- Décor - Provide several hiding places to help frogs feel secure and decrease territorial behavior. Live and artificial plants, commercially available branches, driftwood, leaf litter and cork bark all can be provided to help frogs feel safe and to provide stimulation. An open, shallow dish of dechlorinated water large enough for frogs to drink from and soak in should be available. Terrestrial frogs may be housed in semi-aquatic terrariums where part of the habitat has large-size gravel (too large to be consumed), pushed to one side of the tank and covered in dry substrate and sloped on an angle down to a shallow area of dechlorinated water. Semi-aquatic terrariums are best kept clean with small, submersible, low-flow water filters
- Humidity - Maintain 70 to 90% humidity, depending on the species, by misting with dechlorinated water as needed daily. Providing an open bowl of shallow water will also help maintain humidity through evaporation. Monitor humidity with a humidity gauge
- Temperature – Provide a temperature gradient from 68°F in the cool zone and at night to no higher than 80°F in the warm zone. Exposure to temperatures higher than 80°F for even short periods can be deadly to these frogs. Monitor temperatures with at least two thermometers. A low-wattage incandescent bulb, an under-tank heating pad or a ceramic heat emitter can be used as a heat source, as long as appropriate humidity is maintained. Heat sources should be attached to thermostats to regulate temperatures. Thermostats are especially important with heating pads, which can get hot and cause burns through the tank floor if not regulated properly. Hot rocks should not be used as a heat source, as they can burn amphibians’ delicate skin. Amphibians not kept at the appropriate temperature ranges are more likely to become immunosuppressed and get sick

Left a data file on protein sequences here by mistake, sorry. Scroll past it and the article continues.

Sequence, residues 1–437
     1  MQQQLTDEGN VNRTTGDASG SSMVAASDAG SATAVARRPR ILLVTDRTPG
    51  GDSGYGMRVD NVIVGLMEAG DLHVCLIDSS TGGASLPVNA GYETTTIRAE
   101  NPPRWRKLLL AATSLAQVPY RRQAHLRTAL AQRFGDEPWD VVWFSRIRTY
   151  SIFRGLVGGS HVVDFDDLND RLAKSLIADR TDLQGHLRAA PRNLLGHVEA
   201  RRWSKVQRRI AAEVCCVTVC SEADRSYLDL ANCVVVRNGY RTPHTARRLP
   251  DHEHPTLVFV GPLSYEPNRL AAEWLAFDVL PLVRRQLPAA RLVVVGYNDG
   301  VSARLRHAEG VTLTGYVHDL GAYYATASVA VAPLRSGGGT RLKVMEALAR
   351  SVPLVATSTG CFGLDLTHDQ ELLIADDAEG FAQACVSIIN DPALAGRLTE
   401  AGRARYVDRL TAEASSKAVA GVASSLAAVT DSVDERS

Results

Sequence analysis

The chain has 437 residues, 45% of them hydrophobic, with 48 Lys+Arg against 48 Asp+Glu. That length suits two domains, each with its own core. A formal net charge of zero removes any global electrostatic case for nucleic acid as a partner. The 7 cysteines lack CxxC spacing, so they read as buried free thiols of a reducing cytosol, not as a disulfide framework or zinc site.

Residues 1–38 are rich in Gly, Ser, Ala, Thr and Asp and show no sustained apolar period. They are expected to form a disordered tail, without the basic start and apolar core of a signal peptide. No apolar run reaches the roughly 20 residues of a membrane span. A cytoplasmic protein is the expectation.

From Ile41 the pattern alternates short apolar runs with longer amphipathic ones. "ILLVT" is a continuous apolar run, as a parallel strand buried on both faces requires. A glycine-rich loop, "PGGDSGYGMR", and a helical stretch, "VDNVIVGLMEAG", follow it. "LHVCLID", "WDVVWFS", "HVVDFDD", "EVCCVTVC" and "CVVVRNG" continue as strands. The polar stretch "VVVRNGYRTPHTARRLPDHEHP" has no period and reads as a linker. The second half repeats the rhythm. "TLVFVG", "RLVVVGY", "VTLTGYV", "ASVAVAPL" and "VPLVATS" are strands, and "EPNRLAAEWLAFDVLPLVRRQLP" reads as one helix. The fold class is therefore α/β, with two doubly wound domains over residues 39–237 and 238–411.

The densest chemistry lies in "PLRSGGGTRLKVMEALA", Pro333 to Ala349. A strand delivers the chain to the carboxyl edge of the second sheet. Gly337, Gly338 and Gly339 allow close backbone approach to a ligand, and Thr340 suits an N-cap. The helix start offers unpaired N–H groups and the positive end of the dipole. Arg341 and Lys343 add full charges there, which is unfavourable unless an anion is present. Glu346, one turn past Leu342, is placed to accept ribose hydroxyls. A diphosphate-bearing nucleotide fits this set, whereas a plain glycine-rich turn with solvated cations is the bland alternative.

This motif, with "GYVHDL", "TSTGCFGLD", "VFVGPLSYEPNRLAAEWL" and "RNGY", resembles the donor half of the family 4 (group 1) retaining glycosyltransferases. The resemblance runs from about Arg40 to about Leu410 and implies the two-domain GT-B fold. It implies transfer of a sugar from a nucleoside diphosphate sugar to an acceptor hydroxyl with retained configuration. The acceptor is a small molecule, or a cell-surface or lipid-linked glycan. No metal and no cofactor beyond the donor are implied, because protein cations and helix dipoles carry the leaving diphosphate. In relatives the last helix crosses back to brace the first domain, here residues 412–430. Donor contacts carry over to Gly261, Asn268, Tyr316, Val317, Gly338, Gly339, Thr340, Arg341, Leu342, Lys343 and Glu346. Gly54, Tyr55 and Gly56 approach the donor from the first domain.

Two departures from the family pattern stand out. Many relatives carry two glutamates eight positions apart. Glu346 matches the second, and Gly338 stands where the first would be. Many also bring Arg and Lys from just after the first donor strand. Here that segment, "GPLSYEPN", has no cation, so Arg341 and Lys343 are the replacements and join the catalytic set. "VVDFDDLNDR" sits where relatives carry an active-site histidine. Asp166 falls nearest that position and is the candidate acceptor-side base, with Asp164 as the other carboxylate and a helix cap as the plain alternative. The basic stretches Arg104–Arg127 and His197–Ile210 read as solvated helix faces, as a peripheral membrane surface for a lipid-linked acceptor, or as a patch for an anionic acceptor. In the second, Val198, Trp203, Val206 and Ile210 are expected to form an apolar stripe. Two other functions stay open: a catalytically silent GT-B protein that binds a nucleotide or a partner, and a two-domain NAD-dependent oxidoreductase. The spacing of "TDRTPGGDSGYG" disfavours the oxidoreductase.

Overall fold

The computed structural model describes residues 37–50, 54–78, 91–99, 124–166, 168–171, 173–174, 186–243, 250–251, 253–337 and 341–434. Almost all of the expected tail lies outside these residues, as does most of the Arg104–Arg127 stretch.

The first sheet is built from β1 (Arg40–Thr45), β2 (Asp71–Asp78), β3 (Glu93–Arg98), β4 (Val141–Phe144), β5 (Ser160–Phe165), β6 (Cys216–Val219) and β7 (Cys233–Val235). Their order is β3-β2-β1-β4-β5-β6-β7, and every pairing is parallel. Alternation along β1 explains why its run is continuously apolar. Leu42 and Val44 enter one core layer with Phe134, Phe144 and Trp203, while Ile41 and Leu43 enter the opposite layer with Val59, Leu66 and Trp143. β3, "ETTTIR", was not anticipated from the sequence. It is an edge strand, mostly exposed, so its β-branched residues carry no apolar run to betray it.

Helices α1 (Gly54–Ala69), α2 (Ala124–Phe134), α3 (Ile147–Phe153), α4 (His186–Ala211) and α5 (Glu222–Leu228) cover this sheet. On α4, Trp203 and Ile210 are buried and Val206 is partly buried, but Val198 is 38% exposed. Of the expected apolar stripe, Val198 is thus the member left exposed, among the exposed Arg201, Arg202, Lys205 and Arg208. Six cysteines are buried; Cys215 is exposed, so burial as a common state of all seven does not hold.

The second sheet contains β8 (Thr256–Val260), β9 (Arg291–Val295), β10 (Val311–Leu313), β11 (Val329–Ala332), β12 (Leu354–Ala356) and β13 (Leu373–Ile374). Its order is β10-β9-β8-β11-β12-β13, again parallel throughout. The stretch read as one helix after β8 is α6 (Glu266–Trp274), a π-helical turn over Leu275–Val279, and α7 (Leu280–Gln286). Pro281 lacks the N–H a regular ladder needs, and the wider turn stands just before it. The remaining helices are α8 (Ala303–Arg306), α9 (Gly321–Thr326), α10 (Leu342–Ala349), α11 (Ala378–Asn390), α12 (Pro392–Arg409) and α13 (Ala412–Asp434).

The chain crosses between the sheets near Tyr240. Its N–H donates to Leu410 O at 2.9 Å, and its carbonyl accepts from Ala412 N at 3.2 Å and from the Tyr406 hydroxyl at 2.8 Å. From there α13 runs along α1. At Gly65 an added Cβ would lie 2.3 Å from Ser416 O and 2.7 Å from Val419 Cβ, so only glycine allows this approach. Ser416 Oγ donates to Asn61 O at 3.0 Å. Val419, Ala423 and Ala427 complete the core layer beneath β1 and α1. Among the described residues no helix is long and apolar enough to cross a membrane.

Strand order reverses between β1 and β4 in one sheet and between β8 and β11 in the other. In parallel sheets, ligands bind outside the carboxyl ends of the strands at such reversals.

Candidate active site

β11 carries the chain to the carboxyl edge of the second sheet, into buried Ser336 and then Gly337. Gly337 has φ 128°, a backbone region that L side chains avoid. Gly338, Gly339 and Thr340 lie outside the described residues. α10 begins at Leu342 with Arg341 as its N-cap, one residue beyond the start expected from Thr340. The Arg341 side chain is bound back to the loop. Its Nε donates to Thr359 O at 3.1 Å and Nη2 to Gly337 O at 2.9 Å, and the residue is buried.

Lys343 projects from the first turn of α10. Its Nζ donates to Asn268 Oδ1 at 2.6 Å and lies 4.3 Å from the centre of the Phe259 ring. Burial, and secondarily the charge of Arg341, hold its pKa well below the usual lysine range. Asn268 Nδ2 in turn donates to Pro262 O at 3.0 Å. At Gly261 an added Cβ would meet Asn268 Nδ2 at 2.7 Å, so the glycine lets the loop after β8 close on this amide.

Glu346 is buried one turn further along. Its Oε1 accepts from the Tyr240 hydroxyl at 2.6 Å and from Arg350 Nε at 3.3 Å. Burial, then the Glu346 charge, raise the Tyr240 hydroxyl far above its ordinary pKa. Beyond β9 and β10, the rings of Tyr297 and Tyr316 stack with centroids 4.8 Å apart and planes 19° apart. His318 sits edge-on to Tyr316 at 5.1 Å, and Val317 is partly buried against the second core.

- Lighting – Terrestrial amphibians do not require UV (ultraviolet) light to survive, but a low-level (2.0 or 5.0) UVB bulb is recommended to encourage natural behaviors and can be used with a low-wattage incandescent bulb to help establish a normal 10- to –12-hour day/night cycle. Be sure that the tank does not get too hot, and provide hiding places for frogs to avoid light as needed.
Cleaning your habitat
- Thoroughly clean and disinfect water and food bowls daily. The habitat should be spot-cleaned daily to remove droppings.
- Thoroughly clean the remainder of the habitat at least once a month:
- Place frog in a secure habitat, handling them gently so as not to damage their delicate skin
- Scrub the tank and furnishings with an amphibian-safe habitat cleaner or 3% bleach solution
- Rinse thoroughly with hot water so no residue remains. It is imperative that all traces of the habitat cleaner or bleach solution are gone
- Dry the tank and furnishings completely and add clean substrate before putting frogs back in the habitat
A well-balanced small terrestrial frog diet consists of:
- A variety of insects, including gut-loaded (recently fed) crickets, flightless fruit flies, springtails and isopods
- Mantella frogs and dart frogs are so small that they should be offered smaller-sized prey (e.g., 1/8-inch pinhead crickets)
Things to remember when feeding your small terrestrial frog:
- Fresh, clean, chlorine-free water should be available all the time
- Terrestrial frogs generally enjoy hunting for prey, so only live insects and worms should be offered
- Feed juveniles daily, adults every other day
- If your frog looks like they’re getting overweight or leftover food is found in the habitat, decrease the frequency of feeding
- Sprinkle food with calcium supplement daily and a multivitamin supplement once a week
- Feed frogs as many insects as they will eat in 15 minutes
- Vary diet as much as possible to help keep frogs interested and to provide complete and balanced nutrition
- Remove uneaten insects so that they don’t chew on or injure frogs’ skin
- Don't handle frogs unless necessary; always wear moistened powder-free gloves when handling frogs. Bacteria and oils on your skin can be absorbed through the frog’s delicate, porous skin and harm Also, terrestrial frogs have small glands in their skin that secrete irritating toxins to scare off predators. Do not allow frog’s secretions to contact your eyes, mouth or open wounds. Use an appropriately sized, soft, small-mesh net to move or block the frog while doing habitat maintenance
- Frogs shed their skin every few weeks and often eat it as they shed so as not to alert predators to their presence and to consume nutrients present in shed skin
Where to buy